Thursday, August 14, 2014

Developing pull-ups for novice trainers

By Gillian Ward

Days per week – 2

What you will need:
·       A pull-up bar
·       A step stool (if necessary)
·       Various resistance bands
o   Rogue Fitness Resistance Bands

This program will yield the best results when executed in tandem with a barbell based strength training program. While pull-ups are a demonstration of upper body strength, they are not a complete strength training program.  Barbell training will lay the necessary foundation for upper body strengthening.

Pull-ups are a skill and are therefore developed and improved upon by practice.   We get better at pull-ups by doing pull-ups.  Pull-ups will never be fully developed by the use of heavy lat pull-downs.

This program is designed to be a 2x per week program and should be given priority in a workout if the primary goal of the trainee is to achieve pull-ups.  When the goal has been achieved, the pull-ups should move to the end of the workout after strength training.  The pull-ups should be done on the same day as the strength training to allow for maximum recovery.

We recommend practicing both supinated and pronated grips.  A supinated grip will be easier for most untrained novices.  Additionally, the placement of thumbs around the bar is safer and engages more muscle.

Trainees should stand high enough to grab the bar rather than jump for it to ensure proper hand placement as well as reduce the risk of unnecessary skin tears.

Grip placement:

·       Grip placement in the case of pull-ups (pronated grip) should slightly wider than shoulder width.  This will maximize the range of motion and muscle mass used.  If you stand naturally and place your arms overhead, that is the width of the grip that you should take.

·       A chin-up (supinated grip) should be slightly narrower.  A wider hand position will feel uncomfortable on the wrists and forearms.

Day 1 - Volume Day + Assistance Work

A trainee new to pull-ups needs to become accustomed to time under tension (ie: the amount of time spent hanging on the bar required to do a set of pull-ups).   The hands must adapt to the stress.  This will also improve grip strength and endurance.

Week 1 – 3 x 6

·       The trainee should perform 3 sets of 6 pull-ups with bands calibrated to enough tension that all of the reps should be completed to full range of motion.  Band “help” should be adjusted by using several mini-bands if necessary so that adding or removing bands will enable the trainee to make small calibrations.  The completion of the reps should be challenging but not impossible.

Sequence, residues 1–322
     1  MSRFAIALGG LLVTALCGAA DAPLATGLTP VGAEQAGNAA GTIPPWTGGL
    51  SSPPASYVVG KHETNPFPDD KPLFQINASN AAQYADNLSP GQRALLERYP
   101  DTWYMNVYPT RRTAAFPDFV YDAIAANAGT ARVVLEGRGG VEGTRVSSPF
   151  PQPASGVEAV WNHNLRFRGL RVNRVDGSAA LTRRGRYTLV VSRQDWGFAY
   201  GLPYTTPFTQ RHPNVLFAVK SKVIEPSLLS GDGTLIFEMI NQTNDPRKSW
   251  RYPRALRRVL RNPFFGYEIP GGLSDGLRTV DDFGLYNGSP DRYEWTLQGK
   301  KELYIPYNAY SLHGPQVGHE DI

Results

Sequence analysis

·       Rest 3 minutes between sets.
Week 2 – 3 x 8
·       Progress to 3 sets of 8 reps with the same band tension as the previous week.
Week 3 – 3 x 10
·       Progress to 3 sets of 8 reps with the same band tension as the previous week.
Week 4 – Max Effort
·       Trainee should complete 2 sets of max repetition with the band tension used in the first three weeks.
·       Rest 3 minutes between sets.
Week 5 – 3 x 6
·       Reduce band tension and complete 3 sets of 6
Week 6 – 3 x 8
·       Complete 3 sets of 8 with the same band tension as the previous week
Week 7 – 3 x 6
·       Reduce band tension and complete 3 sets of 6
Week 8 – Max Effort
·       Do two sets of max repetitions with the band tension from the previous week.
·       Rest 3 minutes between sets.

Pull-ups in this phase will precede barbell work in training order.  After the barbell work is completed for the day the trainee should complete the following assistance exercises:

  3 sets of 10-15 push-ups
  3 sets of 10 barbell or dumbbell rows
  2-3 sets of 10 biceps curls

The direct upper body resistance work with a hypertrophy rep scheme will help build the necessary muscle as well as reduce the incidence of tendonitis.  Additionally, bodyweight exercises complement each other.  Learning to engage the musculature of the trunk will prevail through all bodyweight exercises and there will be transference from one to the other.

Day 2 – Intensity Day